The PBI facility, as part of their planned maintenance period, worked on one of the two reactors late last year. During the cleaning process, high-pressure water damaged one of the bushings on one of the reactors. Two of these specially made GRAPHALLOY® bushings are used in each reactor, which makes the polymer used to produce the fibers at the plant.
“I’ve been the plant engineer at PBI for over 14 years,” said Larry Canterbury. “I work on capital projects and help with equipment selection, installation and support the maintenance teams here at PBI.”
PBI is the trade name for polybenzimidazole, and PBI Performance Products is the sole producer of PBI fiber in the world. This fire-resistant material has been used since the 1960s to make protective uniforms for firefighters, and the fabrics have also been used for high heat and flame applications in electrical, industrial, aerospace, motorsports and military applications and even for NASA.
“When we realized that the cleaning process had caused damaged to the bushing, we went through our files to determine if we could find the original provider of these specialized bushings. We found that these bushings came from Graphalloy back in the late 1980s,” Canterbury said. “At first I was worried that the original provider might not be around. When we looked up Graphalloy, we learned they’ve been operating for over 100 years and are still operating – to our immense relief!”
In March 2020, Canterbury reached out to Chris Speer, territory sales manager at Graphalloy, with the original drawings for their 16-inch bushing.
“He told me about how high-pressure water impacted the end of this bushing, and that the cleaning process cracked a part of the graphite-impregnated material,” Speer said. “I was not surprised at all to hear our bushing had performed so well for so long, and I was happy to share with Larry that we still had the original drawings for his custom bushing. Within a day or so, we were able to confirm that we could offer a replacement bushing for his reactor.”
The reactors are critical equipment for this manufacturing facility. Even though the original bushing had been damaged, it did not impede the reactor’s ability to operate. The decision to purchase a replacement bushing was done pre-emptively, to make sure all equipment could be properly maintained and continue to operate to the highest standards. The order was placed last spring for a custom Graphalloy bushing with an outer diameter of 17.5 inches and an inner diameter of 11.5 inches, making it one of the largest bushings installed at the PBI manufacturing facility.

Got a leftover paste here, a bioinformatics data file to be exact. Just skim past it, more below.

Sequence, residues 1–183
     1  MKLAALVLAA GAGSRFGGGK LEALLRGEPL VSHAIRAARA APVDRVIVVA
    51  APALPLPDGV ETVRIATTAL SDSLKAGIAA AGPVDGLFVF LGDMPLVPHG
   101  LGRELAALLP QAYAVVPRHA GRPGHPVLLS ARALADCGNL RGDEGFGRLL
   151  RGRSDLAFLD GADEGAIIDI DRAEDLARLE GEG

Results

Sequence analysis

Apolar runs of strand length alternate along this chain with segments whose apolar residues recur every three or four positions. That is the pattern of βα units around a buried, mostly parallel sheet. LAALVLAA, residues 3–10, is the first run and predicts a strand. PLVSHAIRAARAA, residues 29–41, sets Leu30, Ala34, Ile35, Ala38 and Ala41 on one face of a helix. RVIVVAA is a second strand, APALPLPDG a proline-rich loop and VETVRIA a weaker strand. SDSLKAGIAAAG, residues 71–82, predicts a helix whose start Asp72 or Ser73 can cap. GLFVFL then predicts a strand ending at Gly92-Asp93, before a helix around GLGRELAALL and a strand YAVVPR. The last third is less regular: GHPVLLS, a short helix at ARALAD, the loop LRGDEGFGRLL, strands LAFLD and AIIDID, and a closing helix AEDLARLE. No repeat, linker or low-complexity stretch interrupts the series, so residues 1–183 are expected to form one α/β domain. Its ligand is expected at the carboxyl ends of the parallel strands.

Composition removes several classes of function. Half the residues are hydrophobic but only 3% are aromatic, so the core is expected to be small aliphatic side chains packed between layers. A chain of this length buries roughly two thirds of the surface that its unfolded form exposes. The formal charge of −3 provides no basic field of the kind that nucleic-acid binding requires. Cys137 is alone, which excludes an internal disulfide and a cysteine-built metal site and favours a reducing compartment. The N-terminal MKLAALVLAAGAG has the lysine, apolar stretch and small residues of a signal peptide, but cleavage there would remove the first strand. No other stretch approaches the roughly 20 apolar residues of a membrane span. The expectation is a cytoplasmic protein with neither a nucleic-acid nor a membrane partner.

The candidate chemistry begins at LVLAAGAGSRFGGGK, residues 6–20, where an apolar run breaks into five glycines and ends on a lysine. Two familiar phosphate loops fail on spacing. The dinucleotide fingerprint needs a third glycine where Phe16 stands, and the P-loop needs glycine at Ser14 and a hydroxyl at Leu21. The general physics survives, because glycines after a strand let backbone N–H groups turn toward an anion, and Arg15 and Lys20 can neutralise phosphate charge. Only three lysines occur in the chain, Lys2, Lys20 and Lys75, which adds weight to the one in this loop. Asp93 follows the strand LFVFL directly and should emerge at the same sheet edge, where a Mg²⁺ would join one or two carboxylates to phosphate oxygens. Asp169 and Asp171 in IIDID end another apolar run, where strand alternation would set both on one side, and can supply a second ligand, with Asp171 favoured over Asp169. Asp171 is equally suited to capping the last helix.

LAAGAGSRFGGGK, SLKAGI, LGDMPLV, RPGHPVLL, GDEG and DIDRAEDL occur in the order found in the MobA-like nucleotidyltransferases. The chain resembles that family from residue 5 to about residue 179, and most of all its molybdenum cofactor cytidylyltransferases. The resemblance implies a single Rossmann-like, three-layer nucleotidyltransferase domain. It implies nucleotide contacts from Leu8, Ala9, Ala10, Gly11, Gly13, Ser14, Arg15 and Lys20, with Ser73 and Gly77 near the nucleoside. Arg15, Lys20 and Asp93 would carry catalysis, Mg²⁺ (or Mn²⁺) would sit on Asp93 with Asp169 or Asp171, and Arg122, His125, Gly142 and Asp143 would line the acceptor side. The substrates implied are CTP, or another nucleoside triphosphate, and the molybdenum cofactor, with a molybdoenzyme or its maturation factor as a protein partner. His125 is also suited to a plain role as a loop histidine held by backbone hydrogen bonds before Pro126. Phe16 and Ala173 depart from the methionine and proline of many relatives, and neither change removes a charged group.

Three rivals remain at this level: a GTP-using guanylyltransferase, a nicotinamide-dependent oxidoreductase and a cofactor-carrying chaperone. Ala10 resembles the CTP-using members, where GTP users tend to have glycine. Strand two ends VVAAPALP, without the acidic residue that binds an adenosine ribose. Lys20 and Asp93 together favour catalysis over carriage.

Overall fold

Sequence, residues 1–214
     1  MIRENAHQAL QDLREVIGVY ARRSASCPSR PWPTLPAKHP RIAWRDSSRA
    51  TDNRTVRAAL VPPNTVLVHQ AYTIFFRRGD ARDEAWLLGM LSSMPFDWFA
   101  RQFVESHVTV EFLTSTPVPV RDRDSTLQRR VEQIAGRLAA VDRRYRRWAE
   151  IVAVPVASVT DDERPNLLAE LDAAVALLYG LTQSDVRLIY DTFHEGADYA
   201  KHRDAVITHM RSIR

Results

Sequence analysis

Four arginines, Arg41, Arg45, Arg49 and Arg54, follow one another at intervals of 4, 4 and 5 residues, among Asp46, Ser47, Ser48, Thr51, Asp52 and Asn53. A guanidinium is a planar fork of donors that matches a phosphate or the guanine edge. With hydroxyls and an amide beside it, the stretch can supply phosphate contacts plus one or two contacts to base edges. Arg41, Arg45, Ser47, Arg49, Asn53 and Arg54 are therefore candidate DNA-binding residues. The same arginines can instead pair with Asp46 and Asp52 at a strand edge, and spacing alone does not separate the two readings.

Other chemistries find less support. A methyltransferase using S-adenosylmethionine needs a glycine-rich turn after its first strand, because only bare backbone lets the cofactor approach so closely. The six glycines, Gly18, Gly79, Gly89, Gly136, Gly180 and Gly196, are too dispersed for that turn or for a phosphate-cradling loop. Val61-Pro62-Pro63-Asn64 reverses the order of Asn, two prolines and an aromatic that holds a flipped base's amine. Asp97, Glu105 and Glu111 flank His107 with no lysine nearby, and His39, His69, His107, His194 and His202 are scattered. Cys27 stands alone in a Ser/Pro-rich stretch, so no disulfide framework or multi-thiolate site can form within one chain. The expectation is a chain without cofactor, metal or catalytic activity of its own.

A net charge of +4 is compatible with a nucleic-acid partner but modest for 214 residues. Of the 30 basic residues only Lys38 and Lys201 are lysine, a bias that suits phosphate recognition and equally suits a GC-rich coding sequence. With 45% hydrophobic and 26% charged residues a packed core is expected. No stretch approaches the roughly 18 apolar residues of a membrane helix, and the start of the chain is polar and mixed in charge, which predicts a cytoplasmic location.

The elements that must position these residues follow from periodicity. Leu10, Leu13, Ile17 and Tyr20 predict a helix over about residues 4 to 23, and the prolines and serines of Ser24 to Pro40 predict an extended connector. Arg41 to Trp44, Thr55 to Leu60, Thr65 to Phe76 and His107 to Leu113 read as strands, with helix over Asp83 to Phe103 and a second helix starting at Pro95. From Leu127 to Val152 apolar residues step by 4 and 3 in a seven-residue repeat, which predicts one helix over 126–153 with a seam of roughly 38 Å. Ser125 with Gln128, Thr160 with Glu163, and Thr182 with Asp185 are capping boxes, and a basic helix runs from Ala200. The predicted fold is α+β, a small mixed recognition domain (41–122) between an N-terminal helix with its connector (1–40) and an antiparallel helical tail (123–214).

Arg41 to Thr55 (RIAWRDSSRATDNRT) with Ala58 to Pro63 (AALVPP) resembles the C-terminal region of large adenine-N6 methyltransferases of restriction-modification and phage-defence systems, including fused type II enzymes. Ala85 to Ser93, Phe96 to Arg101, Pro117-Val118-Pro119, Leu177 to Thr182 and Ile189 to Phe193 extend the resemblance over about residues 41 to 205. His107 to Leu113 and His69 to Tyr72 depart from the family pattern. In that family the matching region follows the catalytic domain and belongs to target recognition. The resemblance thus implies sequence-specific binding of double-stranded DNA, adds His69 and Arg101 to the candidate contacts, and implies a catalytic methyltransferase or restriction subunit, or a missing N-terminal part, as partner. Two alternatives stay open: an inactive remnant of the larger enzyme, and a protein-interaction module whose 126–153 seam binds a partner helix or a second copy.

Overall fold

This Graphalloy bushing was originally selected to fit around the slow-moving reactor shaft for the following reasons.
- Reliable in severely high-temperature applications – The Graphalloy bushing is engineered to work at extremely high temperatures – up to 1000°F. It will not “gum” or seize in these very hot instances, making it perfect for the high-temperature reactor at PBI’s manufacturing facility.
- Self-lubricating – The Graphalloy bushing does not require grease or oil, thereby minimizing maintenance and enabling continuous operation of the reactor, whose shaft rotates at varying speeds. In high-temperature applications, oil-based lubricants may burn off or oxidize and plastics typically fail, so having a self-lubricating bushing was ideal for this specific application.
- Withstands run-dry events – Because the Graphalloy bushing operates reliably without lubrication, it is engineered to survive run-dry events. This eliminates the potential for galling or seizing in severely hot conditions. In this particular application, heated oil is pumped through the bushing. This oil has a temperature of more than 662˚F, so as the oil expands and heats up, the Graphalloy bushing provides a reliable bearing surface.
“The bushings act as a bearing on the floating end of the shaft,” Speer explained. “That’s what is so cool about it. It replaces a bearing. If you’re not having a problem with your bearings, then you don’t need a Graphalloy bushing because it is more expensive than a bearing – but it runs so much longer. When you look at the expense versus how long your machine can keep running, the savings down the line are significant, especially in terms of less down-time, reliable operation and reduced maintenance expenses.”
- Chemically-resistant – The Graphalloy bushing is insoluble in most industrial liquids. It works in acids, alkalis, hydrocarbons, water and liquid gases. This Graphalloy bushing was ideal for the reactor’s agitator shaft and the chemicals being processed to make the fire-resistant material.
- Low coefficient of friction – The Graphalloy bushing has a constant, low coefficient of friction because it is not just a surface layer but solid Graphalloy material throughout. For this reason, Graphalloy has manufactured bearings, bushings, thrust washers and other components for a range of industries, including nuclear-power-generation utilities and other manufacturers.
“I was very impressed with the team at Graphalloy,” Canterbury said. “Graphalloy confirmed they could provide a replacement within eight weeks, and then the coronavirus really hit the U.S. in March. Graphalloy is located in Yonkers, and we all have been watching how hard New York has been impacted by COVID-19. Through it all, they’ve been operating as an essential business, and they never stopped communicating with us. We all agreed it would be best to push the delivery to June, but I’m very pleased with them overall, especially with their responsiveness.”
Graphalloy recently shipped the first bushing, and PBI plans to place an order for a second bushing at the end of the year.